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PAR / Apache::PAR Test Drive

by trs80 (Priest)
on Aug 14, 2003 at 20:45 UTC ( #284001=perlmeditation: print w/ replies, xml ) Need Help??

Intro

I got bitten this week with the Better Way(tm) bug after a clients server had to be swapped out to a new system. I realized that I really didn't want to have to remember and do all the hand (re)placement of files in all the various directories like I had in the past. I remembered hearing and reading a little bit about PAR and thought I would give it a try.

PAR stands for Perl ARchive. A PAR is a zip file of your application and/or a stand alone executable. When used in conjunction with Apache::PAR it mimics in some ways how a Java WAR (web archive) file works.

This is a summary of my inital experience with the above modules. PAR and especially Apache::PAR are emerging Perl tools that are still improving so this document maybe out of date sooner rather then later. Anyway on to the fun.

Problem

Current application deployment model was less then perfect, relied on installing modules and scripts in several directories that might not be available on server that are not owned or operated by my client.

Paritial Cure

Put as much of the application components as possible into a single directory structure and turn that into a PAR file, which in turn can be used by Apache::PAR (Apache::PAR only works on a mod_perl enabled server)

The Process

The first step is good development practice regardless of whether you want to use PAR or not, but it is required if you want to use PAR. Which is move all your files into a single directory tree. The PAR documentation outlines the directories followed by default (you can add anything you like beyond the *magic* ones), these are important because they will be auto included in your @INC (lib location), or used as the default location of scripts. See PAR docs for complete details.

In my case I didn't want to disrupt my current development model in case something went horribly wrong so I created a script to pull in my existing files (or update in the future) to create my par and then copy it to its final location. The final location is something that you will want to give some thought to since the web server will need to access it, but you don't want to make it available for download most likely.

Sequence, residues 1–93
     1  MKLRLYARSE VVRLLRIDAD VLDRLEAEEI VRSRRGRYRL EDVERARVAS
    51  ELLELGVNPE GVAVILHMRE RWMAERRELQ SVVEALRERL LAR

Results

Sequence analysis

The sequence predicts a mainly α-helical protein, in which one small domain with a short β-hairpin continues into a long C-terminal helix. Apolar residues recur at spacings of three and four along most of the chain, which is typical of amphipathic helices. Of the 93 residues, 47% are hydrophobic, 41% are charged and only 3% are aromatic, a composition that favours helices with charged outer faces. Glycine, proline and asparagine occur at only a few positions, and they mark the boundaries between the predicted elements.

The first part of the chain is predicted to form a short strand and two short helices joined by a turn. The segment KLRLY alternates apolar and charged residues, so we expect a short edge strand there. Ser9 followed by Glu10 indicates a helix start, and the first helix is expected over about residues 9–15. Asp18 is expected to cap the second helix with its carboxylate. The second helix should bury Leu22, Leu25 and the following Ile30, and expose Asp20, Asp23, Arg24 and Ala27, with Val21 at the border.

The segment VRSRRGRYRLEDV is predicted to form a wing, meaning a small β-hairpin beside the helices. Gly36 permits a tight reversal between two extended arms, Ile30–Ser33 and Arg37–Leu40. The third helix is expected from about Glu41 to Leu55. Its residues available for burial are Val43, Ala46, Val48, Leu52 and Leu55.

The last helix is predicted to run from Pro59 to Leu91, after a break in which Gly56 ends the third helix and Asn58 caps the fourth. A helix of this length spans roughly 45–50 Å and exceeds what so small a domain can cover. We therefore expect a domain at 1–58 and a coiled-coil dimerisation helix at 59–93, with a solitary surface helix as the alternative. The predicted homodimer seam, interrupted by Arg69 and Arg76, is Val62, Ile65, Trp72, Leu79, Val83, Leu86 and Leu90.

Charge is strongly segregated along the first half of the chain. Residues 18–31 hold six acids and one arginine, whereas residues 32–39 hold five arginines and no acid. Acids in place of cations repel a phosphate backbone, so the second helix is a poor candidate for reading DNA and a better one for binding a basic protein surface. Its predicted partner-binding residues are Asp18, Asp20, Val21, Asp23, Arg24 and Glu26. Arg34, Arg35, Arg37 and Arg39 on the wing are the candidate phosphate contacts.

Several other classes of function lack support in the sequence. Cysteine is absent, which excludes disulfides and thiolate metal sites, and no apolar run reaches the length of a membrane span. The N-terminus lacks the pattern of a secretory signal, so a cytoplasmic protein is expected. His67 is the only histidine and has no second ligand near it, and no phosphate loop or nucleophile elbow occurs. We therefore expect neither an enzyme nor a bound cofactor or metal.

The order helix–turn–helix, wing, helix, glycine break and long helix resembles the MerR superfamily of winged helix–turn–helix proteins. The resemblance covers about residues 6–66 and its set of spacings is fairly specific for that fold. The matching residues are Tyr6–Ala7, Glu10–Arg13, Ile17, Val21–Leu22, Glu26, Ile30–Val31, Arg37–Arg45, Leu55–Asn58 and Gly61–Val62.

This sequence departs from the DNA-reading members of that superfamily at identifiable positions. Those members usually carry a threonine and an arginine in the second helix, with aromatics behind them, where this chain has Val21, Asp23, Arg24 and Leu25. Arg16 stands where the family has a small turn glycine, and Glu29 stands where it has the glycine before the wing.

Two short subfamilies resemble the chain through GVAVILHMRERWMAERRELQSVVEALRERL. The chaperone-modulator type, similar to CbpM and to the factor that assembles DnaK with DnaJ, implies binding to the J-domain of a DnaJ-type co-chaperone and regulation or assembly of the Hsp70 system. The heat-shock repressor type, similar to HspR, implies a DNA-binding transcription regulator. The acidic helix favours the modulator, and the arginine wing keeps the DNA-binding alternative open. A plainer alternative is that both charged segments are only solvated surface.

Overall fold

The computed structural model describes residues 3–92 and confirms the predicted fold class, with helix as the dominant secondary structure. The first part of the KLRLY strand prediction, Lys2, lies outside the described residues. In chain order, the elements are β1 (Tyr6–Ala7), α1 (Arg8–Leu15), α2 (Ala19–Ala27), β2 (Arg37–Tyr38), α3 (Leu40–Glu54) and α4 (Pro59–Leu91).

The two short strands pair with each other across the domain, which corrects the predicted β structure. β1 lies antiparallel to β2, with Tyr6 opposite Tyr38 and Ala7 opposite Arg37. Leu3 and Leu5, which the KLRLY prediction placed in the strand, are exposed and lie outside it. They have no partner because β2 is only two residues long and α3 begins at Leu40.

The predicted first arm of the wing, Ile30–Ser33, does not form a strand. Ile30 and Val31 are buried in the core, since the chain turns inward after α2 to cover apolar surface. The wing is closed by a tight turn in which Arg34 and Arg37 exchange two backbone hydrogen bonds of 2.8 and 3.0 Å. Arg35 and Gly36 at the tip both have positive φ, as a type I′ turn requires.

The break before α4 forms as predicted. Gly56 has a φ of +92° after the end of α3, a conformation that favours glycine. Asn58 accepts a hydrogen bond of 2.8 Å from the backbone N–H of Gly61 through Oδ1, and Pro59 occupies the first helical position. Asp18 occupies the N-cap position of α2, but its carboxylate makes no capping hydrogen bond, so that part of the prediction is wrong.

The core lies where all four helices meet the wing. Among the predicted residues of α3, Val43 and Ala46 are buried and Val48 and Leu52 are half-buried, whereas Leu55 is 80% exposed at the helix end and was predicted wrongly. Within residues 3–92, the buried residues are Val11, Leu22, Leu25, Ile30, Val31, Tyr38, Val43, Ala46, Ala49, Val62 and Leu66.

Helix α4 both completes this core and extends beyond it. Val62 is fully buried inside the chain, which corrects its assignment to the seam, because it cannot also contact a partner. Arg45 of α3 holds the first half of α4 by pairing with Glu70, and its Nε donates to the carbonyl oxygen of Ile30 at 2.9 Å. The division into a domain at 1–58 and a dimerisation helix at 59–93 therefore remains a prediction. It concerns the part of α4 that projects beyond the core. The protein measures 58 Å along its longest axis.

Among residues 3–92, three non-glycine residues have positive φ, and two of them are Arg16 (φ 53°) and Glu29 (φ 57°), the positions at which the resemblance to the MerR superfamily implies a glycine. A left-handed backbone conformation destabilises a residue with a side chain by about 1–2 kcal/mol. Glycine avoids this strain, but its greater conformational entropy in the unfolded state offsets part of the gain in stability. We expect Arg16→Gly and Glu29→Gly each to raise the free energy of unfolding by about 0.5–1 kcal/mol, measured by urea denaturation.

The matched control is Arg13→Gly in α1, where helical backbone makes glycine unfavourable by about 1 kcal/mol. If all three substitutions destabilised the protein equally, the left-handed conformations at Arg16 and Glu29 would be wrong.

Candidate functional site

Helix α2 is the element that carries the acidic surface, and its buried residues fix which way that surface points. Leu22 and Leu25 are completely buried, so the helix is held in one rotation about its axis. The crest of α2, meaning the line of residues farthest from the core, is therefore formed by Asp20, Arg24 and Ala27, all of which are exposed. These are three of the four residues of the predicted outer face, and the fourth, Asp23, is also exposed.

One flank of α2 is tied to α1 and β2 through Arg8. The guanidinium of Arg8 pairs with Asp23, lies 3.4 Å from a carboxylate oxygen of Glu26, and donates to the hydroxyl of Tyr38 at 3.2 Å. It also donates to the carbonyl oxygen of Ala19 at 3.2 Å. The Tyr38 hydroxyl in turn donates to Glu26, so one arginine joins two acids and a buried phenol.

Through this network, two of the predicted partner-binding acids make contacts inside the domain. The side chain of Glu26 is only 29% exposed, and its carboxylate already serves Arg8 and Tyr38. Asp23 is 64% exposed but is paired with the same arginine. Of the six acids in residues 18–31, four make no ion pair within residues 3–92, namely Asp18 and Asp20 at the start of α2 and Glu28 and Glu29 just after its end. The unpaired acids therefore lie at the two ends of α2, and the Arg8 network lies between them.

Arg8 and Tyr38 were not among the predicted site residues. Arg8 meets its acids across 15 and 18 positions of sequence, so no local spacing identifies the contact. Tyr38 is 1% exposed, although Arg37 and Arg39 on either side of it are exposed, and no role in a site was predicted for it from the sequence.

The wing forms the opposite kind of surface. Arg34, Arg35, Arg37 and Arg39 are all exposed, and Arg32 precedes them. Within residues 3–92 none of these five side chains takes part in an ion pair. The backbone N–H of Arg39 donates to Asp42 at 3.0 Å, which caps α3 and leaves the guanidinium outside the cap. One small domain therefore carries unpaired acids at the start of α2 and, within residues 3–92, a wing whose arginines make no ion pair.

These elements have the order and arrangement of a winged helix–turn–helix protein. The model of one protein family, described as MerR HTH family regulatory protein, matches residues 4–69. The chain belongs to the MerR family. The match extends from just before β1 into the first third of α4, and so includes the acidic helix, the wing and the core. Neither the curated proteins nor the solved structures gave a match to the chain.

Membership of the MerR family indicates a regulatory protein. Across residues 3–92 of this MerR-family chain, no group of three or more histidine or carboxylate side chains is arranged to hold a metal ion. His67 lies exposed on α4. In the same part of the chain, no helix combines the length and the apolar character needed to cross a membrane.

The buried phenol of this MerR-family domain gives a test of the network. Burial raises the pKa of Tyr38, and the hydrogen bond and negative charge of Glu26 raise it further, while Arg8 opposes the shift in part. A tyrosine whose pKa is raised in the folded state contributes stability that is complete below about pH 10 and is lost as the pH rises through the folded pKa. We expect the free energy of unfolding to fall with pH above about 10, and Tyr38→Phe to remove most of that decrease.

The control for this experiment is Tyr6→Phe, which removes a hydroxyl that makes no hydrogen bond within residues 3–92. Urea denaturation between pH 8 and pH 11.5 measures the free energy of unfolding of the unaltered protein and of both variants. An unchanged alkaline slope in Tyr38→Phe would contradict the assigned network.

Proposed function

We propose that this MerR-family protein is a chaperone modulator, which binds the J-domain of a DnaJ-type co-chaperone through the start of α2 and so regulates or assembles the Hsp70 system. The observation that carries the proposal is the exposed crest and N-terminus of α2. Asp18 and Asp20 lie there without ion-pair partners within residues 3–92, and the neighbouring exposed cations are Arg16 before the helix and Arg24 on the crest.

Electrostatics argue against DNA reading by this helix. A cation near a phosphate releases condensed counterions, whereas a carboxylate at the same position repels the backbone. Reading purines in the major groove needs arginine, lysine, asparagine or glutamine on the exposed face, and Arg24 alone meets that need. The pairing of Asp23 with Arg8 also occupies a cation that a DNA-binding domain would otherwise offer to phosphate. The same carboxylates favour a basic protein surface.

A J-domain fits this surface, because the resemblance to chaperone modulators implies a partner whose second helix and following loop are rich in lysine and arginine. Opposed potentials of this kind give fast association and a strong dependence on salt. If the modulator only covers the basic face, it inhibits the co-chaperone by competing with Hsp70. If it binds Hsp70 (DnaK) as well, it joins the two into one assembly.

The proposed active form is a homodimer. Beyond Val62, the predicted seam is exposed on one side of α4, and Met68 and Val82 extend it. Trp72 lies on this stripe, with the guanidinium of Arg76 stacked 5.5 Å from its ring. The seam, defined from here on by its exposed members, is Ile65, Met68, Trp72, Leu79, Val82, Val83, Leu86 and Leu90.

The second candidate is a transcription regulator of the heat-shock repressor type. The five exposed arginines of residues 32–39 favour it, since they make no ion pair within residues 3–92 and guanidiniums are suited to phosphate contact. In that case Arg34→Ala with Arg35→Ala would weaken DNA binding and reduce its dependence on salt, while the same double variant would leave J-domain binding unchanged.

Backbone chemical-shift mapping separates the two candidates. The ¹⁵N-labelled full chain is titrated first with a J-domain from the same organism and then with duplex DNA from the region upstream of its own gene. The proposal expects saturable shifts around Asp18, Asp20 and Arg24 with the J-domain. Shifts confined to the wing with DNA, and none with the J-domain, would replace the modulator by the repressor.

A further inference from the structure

So what you will wind up with is something like this:

directory my-app/lib all the module files that are unique to your project and under your control*. This is auto included in @INC at run time via the PAR apps
directory my-app/script Stick all the perl apps you want to run from within PAR in here. The PAR utilities (par.pl and family) will automatically look for files here if you attempt to execute a script without a path. see below
directory my-app/htdocs This is a directory where you store your web pages (and scripts if so inclined). see Apache::PAR docs
file my-app/web.conf This file contains additional directives to be passed to the Apache server when used in conjunction with Apache::PAR. You can put this under sub directories, the Apache::PAR module will find it.


Once you have your files in place you can create the PAR itself. There are a number of ways you can do this and various parameters you can pass to get different files or locations included. My needs and personal taste allowed for:
zip -r my-app.par *


As you might notice a PAR is really "just" a zip file and can be created with the zip utility. If you need to include core modules or CPAN modules outside of your directory tree you will need to use the par.pl utility to create you PAR file, again the documentation covers this in detail.

Add Apache::PAR to the Mix

Now that we have the PAR file we can add it as a self contained unit to Apache with just a copy of changes to the httpd.conf file or your perl startup file**.

See the Apache;:PAR docs for details on this. Basically I did this:

1) Inside of my web.conf file I put:
Alias /my-app/ ##PARFILE##/ <Location /my-app> Options +ExecCGI # example directive # (More Apache directives go here) # see docs for more info PerlHandler Apache::PAR::Static # if you have static files in your + PAR file # PerlHandler Apache::PAR::Registry # PerlHandler Apache::PAR::PerlRun </Location>
The ##PARFILE## is replaced with the name of par file it found the web.conf in. See below for issues with Embperl pages and an alternate work around. 2) Inside of my perl startup file I added: